In the past 18 months, Volkswagen announced delays in the launch of two crucial models, first the eighth generation of its perennial bestseller, the VW Golf, and then its flagship electric car, the ID.3, both due to glitches in software. Herbert Diess, chairman of the Management Board of Volkswagen Group, was asked to give up his role as VW brand chief, in part because of these slipups.

Executives at the giant German automaker were aware of their limitations. Mr. Diess had acknowledged the company’s inadequate software capabilities saying, “Tesla belongs among the competitors which has abilities that we currently do not have. Around half of Tesla’s engineers are software experts, while at VW’s core brand it is a much lower proportion.” And board member Jürgen Stackmann stated, “We’ve never hid the fact that software, an area of extreme importance for products in the future is a serious challenge for us.”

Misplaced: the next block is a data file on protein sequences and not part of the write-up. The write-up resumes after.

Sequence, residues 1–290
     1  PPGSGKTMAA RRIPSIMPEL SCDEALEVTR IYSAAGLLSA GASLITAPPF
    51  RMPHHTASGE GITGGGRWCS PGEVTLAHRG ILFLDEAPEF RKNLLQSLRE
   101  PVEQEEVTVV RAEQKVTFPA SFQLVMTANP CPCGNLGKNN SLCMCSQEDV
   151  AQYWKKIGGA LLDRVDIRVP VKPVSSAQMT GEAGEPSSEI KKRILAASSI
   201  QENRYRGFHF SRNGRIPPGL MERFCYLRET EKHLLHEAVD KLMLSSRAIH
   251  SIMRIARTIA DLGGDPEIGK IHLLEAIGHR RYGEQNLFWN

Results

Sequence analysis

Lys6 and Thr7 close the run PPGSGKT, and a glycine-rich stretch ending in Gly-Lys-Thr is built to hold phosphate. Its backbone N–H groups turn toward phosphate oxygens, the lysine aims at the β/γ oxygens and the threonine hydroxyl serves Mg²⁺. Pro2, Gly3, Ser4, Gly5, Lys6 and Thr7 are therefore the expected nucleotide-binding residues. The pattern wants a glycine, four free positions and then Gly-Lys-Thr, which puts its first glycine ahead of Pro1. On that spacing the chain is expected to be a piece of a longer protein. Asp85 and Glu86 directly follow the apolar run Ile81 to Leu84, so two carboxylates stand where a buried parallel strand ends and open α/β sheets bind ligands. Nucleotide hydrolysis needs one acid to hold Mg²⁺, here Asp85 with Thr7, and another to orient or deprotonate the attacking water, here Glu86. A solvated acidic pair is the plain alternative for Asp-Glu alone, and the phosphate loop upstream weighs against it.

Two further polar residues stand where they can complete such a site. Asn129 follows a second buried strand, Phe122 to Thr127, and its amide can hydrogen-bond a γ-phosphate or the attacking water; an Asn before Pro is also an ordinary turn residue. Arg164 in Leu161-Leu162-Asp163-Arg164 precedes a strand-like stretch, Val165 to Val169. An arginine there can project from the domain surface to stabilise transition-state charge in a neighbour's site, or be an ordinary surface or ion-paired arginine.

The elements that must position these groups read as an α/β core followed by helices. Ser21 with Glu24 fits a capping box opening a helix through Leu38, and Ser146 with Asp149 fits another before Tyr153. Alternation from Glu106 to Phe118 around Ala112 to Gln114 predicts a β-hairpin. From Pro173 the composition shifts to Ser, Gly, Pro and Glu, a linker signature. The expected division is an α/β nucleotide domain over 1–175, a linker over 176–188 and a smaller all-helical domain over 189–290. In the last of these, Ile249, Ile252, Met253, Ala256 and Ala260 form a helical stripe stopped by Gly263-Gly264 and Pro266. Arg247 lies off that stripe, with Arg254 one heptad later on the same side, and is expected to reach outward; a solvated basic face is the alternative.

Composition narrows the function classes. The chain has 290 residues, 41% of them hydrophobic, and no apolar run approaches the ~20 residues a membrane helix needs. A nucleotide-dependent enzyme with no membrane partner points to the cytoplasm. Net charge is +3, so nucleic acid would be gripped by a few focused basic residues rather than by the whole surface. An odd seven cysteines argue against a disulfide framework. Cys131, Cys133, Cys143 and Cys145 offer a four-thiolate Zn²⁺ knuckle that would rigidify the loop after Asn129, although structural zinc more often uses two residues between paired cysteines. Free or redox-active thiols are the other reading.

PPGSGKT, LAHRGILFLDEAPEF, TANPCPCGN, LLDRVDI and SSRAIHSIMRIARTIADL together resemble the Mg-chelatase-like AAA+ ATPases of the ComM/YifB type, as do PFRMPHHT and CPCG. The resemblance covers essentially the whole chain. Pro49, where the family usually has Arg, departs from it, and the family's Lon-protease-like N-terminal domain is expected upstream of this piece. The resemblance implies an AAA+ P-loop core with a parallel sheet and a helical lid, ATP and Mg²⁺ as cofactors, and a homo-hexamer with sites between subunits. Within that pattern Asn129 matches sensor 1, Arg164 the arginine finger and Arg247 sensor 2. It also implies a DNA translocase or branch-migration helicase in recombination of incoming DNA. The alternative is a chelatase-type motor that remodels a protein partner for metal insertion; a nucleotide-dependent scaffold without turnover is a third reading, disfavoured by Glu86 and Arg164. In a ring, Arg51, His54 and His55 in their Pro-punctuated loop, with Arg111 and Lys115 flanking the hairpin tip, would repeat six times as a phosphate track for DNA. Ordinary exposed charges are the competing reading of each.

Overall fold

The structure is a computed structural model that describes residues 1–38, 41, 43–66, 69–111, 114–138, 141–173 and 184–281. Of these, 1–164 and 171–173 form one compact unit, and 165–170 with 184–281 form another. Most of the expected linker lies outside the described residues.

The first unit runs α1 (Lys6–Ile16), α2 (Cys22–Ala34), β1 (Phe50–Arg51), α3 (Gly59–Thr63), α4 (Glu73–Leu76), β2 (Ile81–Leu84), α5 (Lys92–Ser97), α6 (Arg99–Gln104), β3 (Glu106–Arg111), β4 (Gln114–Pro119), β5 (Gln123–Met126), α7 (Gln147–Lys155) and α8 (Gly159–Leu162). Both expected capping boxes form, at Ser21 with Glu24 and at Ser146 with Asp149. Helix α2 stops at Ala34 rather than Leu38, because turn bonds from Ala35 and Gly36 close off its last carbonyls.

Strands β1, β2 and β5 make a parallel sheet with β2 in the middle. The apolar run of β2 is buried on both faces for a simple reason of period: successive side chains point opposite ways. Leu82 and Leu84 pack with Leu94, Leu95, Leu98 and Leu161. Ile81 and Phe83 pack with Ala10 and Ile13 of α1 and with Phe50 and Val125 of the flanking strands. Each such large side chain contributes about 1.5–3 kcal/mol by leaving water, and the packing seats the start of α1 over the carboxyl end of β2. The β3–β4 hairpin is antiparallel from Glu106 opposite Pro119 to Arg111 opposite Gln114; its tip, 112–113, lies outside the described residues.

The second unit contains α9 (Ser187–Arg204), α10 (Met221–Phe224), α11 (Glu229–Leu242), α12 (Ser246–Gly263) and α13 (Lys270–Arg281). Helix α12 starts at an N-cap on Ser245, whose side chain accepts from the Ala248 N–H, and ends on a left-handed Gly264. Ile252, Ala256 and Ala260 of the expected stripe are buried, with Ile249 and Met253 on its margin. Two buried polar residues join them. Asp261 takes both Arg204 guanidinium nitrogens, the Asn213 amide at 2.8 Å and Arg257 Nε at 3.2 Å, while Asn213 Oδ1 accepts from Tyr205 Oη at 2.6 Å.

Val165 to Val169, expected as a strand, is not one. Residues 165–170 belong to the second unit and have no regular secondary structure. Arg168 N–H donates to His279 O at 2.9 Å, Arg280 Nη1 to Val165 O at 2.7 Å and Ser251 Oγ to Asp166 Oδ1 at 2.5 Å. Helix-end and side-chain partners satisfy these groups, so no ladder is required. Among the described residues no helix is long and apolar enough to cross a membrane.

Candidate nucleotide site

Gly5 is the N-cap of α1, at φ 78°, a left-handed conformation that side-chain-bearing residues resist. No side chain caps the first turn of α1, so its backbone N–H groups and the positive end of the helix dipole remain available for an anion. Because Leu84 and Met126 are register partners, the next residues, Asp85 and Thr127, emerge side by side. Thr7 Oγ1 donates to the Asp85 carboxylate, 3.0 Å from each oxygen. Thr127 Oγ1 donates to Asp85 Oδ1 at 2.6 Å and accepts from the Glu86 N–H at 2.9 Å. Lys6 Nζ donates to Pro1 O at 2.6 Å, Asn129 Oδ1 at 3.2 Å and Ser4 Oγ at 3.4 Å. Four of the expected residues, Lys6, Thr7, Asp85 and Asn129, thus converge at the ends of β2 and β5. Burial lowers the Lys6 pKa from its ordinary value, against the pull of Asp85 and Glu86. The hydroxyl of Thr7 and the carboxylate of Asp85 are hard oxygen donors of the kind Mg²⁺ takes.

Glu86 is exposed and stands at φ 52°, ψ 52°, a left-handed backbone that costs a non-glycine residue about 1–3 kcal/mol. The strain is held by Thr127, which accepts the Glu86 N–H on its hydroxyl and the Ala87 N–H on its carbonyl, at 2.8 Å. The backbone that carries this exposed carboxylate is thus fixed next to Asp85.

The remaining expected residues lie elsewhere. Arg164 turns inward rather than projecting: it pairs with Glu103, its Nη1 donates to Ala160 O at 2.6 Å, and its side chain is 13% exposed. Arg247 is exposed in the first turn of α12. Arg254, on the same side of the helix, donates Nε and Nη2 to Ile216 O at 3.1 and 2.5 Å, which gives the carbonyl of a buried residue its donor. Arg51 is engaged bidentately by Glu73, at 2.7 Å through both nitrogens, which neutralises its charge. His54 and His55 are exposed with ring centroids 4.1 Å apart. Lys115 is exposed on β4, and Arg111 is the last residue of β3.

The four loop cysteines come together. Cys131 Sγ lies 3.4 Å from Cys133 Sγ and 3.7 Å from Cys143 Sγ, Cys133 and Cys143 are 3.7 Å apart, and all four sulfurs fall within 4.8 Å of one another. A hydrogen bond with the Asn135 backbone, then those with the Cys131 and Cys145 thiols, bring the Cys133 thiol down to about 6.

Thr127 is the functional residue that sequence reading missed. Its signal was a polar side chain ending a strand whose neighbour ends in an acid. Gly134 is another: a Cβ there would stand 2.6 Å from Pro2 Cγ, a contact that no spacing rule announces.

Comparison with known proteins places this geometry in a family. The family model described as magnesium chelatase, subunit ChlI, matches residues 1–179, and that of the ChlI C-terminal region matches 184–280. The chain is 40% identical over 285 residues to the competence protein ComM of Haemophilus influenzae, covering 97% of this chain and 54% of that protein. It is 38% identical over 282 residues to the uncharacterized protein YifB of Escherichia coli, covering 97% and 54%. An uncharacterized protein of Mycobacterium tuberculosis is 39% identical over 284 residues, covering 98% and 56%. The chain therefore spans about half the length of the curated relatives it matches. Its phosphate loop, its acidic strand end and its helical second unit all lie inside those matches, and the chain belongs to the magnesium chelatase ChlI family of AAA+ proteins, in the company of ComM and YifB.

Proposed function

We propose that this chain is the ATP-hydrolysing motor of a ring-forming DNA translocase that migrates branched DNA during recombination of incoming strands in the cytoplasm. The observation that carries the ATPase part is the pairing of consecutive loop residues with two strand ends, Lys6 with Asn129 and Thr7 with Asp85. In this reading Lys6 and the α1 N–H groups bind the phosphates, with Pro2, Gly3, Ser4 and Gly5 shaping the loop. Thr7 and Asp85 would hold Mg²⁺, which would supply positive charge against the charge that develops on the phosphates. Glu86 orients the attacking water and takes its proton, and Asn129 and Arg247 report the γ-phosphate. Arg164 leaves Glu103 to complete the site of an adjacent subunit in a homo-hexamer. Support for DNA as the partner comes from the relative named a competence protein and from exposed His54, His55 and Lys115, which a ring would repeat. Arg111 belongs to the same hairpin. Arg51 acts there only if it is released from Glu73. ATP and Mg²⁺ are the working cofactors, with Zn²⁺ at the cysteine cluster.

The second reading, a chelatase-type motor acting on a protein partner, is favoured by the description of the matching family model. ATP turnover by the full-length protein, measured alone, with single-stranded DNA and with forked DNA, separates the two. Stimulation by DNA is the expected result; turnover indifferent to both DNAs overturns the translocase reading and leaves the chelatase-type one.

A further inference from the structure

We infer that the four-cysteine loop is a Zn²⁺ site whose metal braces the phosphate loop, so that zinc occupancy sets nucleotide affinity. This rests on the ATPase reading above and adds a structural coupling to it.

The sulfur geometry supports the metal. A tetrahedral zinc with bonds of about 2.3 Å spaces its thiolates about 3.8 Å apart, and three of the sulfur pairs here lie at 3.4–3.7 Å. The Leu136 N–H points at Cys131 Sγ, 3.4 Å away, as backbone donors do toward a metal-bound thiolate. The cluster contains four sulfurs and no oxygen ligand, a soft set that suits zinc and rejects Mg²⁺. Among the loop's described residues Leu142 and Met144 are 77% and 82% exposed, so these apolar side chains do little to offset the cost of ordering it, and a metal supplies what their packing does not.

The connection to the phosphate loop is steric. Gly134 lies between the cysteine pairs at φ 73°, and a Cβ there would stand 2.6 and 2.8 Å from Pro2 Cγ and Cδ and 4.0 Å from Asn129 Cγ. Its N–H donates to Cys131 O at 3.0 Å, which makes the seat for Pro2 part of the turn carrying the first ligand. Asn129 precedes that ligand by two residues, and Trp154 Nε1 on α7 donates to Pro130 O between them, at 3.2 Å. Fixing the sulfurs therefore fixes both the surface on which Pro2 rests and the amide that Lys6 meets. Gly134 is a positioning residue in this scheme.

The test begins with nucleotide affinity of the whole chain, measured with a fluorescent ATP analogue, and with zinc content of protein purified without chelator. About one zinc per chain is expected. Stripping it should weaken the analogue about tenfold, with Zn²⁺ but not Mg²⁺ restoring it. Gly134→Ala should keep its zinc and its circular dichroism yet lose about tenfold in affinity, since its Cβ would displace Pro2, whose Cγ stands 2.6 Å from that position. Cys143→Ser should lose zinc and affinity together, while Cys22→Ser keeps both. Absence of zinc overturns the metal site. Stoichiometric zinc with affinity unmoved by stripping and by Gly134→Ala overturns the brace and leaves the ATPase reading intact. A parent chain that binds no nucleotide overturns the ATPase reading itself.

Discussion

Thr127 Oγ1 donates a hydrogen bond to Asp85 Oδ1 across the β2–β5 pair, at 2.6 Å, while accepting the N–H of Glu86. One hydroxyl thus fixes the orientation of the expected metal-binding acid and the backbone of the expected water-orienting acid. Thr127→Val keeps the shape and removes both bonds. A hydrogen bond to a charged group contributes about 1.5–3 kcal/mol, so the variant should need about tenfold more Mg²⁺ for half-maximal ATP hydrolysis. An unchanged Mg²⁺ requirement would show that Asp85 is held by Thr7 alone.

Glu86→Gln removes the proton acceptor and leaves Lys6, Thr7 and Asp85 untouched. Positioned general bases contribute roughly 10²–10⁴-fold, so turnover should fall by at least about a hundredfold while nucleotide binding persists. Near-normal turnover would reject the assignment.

Read the full article on forbes.com.

“We’ve never hid the fact that software, an area of extreme importance for products in the future is a serious challenge for us.”

Recent Posts

Five Steps To Thinking Like A Software Company

Five Steps To Thinking Like A Software Company

“The best part of building software is the job is never done. Since starting Box, I don’t think I’ve ever left a customer conversation where this [sic] isn’t something new left to go do. Build the future, listen to your customers, repeat.” Those words come from Aaron...

read more